Saturday, November 24, 2012
Well, yes, in a way …
The hospital was looking for a Cedric Brown's next of kin or anyone who should be notified that he was dying. We asked whether he was still conscious, but they said they'd made him comfortable and unconscious with heavy doses of morphine and this time he wasn't going to make it. We didn't go to see him, but rushed to catch our plane.
We weren't kin, but I wasn't surprised my number had turned up in his records. We'd known Cedric, a homeless gay man living with Crohn's disease and HIV, for about a decade. He would turn up periodically at our door, begging for help, usually, at least ostensibly, to buy his latest medicine. The various stop gap expedients available to people without money or health insurance would get him repeatedly admitted to hospitals when near death. But then he'd be tossed out, unable to pay for the drugs, or the adult diapers, or the lotions for his erupting skin -- and still homeless.
Because Cedric was an appealing guy, not a drug user or obnoxious, he had a small army of social workers and acquaintances who kept him afloat, more or less. For whatever reason, probably because of his sexual orientation, he'd lost contact with any blood family. Before he got sick, he traded on his good looks for survival. After he got sick, social service agencies repeatedly placed him in housing -- but something always went wrong. One place, he brought in a forbidden hotplate so he could make meals for his friends on the same corridor. When one day he left it on and fell asleep, causing a small fire, he got thrown out of that place, though everyone felt terrible about it.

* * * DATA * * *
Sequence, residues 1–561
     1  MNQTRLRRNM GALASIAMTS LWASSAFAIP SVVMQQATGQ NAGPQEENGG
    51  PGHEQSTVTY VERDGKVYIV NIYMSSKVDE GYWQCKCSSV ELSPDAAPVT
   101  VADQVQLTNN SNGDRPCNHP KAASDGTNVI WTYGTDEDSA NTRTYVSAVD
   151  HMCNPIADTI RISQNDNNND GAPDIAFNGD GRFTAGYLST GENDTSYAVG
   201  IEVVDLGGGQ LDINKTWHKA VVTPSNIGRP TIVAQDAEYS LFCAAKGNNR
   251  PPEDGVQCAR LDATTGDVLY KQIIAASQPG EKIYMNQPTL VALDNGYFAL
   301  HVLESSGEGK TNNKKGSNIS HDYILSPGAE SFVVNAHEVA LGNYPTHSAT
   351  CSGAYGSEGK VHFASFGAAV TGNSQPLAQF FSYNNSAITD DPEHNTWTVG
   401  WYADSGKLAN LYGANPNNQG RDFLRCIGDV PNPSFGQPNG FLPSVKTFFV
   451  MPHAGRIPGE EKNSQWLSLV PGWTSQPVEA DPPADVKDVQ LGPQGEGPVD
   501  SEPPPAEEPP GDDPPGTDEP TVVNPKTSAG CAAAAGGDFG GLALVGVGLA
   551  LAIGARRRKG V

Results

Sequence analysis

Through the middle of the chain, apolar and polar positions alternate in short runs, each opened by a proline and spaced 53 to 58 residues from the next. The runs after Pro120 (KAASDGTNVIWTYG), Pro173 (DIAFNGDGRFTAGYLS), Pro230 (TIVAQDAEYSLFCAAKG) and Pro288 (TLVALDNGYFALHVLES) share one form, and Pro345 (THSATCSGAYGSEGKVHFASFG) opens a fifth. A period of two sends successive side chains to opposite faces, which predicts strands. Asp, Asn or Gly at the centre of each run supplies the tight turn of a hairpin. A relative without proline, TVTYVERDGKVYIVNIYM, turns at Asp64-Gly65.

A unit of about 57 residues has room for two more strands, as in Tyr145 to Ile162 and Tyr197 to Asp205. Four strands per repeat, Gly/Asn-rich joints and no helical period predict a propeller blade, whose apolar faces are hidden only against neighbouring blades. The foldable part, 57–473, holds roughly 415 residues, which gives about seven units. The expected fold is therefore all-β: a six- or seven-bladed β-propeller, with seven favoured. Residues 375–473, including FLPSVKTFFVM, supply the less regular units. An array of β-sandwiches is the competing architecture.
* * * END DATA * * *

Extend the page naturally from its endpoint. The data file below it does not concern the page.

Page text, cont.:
People often felt terrible about Cedric. But there never seemed to be anything adequate to change his situation.
Usually Cedric lost his housing because he had had yet another emergency room episode and, after a short stay in a ward, he'd be "too sick" for his past housing.
I wasn't always kind to Cedric. He was an inconvenient acquaintance. And the relationship with a person who needs you so desperately materially is seldom comfortable. Sure, his need meant that his professions of friendship couldn't be taken entirely at face value. But at the very least, I think it is fair to say we grew accustomed to each other and felt a kind of fondness, beyond the irritation and the insatiable need.
The world as it is didn't work for Cedric. That's the world's loss. Insofar as I'm able to believe the dead persist somehow, somewhere, beyond this location in time and space, I hope he is in a better place. He never deserved to have it as bad as he had it in this life. Rest in peace, Cedric Brown.